Saxo’s head of equities strategy Peter Garnry says that he remains bullish on Europe: “I think John Hardy’s pretty spot on when he says that the market is now grasping for a theme. It seems like we cannot break out of some very tight ranges in some of the key equity markets.”
Amid all the uncertainty, however, gold has grown weak, Larsson notes, and could resume a longer-term bearish trend.
“Last week ended with a bearish engulfing pattern where you could see that it opened higher than the close of the previous week but closed lower. That is usually a top and reversal pattern,” says Larsson. “There’s room around the $1,210/oz level and strong resistance around $1,265 if you need further upside.”
Larsson’s observations are echoed by Saxo’s head of commodities strategy Ole Hansen: “It’s being challenged ahead of the FOMC between $1,222 and $1,212 – that is the range we need to hold, below that we turn neutral.”
Oil, Hansen adds, remains stuck in its range, “But what we’re seeing in Brent is that the longs are being pared back, the interest has dropped to a six-week low, suggesting there is some position squaring going on at the moment.”
“We’re pivoting around $56/barrel, but it does indicate at this stage that the sentiment seems to have changed a little bit and non-performing loans are being reduced at this stage; so it still leaves the risk of the downside being tested,” says Hansen. “We’re still looking out for this rangebound market, $52.55 on WTI and $55 on Brent being the two levels to look out for today.”
Brent crude pivoting around $56 within current $55 to $57.25 range
Reporting from Saxo’s Singapore desk, Hong Wei Lee brings some more positive news. The Hang Seng and Kospi indices have continued to perform well, despite yesterday morning’s North Korean missile tests in the Sea of Japan which could have unsettled them.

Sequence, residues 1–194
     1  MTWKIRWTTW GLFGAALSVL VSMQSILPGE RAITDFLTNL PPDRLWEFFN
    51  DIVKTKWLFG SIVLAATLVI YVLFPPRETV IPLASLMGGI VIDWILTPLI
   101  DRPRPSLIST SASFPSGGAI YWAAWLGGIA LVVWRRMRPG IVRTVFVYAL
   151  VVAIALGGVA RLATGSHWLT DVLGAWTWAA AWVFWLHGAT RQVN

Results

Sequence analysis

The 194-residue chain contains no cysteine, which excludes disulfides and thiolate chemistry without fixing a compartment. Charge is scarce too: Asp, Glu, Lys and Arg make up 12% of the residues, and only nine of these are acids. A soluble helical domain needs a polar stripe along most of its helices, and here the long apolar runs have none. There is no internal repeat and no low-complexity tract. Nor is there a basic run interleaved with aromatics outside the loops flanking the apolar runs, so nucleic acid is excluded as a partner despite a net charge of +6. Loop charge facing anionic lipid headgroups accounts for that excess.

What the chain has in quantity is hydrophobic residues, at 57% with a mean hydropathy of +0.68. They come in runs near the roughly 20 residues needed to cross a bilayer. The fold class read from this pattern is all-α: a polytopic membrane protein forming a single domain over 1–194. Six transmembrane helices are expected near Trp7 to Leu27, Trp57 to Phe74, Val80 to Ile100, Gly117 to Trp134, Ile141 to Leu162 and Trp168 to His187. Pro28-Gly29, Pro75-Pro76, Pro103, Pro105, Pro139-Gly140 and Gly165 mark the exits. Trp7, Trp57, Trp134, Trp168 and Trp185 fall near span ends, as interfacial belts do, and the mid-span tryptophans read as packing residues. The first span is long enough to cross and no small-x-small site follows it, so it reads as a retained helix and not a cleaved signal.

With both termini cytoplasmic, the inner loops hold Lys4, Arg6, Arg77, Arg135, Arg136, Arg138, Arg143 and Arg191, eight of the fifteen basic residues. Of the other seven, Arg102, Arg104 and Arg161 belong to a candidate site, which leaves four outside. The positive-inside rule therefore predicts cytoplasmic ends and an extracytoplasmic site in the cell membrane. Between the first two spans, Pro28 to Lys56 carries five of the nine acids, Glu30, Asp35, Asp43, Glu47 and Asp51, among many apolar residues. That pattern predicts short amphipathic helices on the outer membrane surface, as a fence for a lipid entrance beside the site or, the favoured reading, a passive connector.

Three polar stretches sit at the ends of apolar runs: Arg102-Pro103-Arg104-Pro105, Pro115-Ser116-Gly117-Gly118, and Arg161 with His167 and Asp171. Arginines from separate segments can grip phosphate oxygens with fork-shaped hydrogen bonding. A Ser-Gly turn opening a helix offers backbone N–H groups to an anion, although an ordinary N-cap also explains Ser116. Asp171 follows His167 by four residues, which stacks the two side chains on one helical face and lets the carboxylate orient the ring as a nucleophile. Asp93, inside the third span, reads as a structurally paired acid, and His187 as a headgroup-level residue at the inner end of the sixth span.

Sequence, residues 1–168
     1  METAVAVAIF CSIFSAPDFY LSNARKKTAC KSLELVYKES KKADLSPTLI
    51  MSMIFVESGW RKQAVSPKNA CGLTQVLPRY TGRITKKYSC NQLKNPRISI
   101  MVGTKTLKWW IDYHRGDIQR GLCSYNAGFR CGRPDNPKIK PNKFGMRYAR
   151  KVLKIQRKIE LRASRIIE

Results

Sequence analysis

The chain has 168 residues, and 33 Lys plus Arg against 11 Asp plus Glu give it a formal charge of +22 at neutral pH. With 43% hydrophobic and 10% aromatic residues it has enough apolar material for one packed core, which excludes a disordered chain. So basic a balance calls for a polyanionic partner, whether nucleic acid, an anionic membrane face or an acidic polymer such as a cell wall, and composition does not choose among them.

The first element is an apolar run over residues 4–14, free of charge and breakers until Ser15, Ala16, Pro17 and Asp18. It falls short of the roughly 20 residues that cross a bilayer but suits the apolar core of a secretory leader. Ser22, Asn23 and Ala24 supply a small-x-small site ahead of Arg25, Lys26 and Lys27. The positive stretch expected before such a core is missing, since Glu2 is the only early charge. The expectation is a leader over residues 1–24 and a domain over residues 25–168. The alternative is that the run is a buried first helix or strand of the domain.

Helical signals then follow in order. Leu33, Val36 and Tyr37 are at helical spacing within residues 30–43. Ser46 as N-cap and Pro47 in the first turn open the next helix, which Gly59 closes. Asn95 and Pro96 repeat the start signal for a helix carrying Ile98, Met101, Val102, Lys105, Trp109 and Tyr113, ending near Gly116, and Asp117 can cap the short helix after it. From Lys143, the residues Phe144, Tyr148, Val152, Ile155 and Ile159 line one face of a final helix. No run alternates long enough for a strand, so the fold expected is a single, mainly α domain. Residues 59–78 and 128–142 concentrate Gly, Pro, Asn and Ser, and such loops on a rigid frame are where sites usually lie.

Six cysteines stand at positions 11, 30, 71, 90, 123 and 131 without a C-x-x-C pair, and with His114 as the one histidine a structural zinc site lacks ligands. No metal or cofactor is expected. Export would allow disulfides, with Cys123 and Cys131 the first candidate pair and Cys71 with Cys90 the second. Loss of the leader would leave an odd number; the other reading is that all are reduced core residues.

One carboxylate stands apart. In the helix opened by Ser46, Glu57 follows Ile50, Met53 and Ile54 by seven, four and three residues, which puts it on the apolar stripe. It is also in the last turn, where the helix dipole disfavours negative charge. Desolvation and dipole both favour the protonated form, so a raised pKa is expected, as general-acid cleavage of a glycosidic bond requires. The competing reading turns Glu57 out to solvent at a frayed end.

Nintendo has seen gains, too, notching up an extra 1.9% on the back of stronger-than-expected sales of its new Switch console: “It sold more units in North America in its first two days than the Nintendo Wii when it was first launched.”
Overnight, the Reserve Bank of Australia announced it was leaving rates unchanged, on the back of which Lee notes AUDUSD reclaimed the 0.76 support level.
“It’s also supported by the confluence of the moving averages and is the best performing G10 currency,” says Lee.
Head of forex Hardy says that while the RBA was considered mildly hawkish
, “All the wording on inflation suggests they’re not looking for inflation to pick up any time soon because a lot of the employment growth has been part time – so certainly not from increasing pressure on wages.”
In European currencies, Hardy notes that EURGBP is putting above the local range and could open up for 0.88.
Meanwhile, head of technical analysis Larsson says the lack of RSI divergence in EURUSD indicates a dip to a lower low of around 1.025 is possible.
A rudderless market is eyeing the European Central Bank meeting on Thursday as it grapples for a theme, although expectations are not high. Photo: European Central Bank
Editor’s note: From the Floor takes advantage of TradingFloor.com's unique real-time access to Saxo Bank’s various trading desks around the globe to put our community in touch with the developments that matter to their portfolios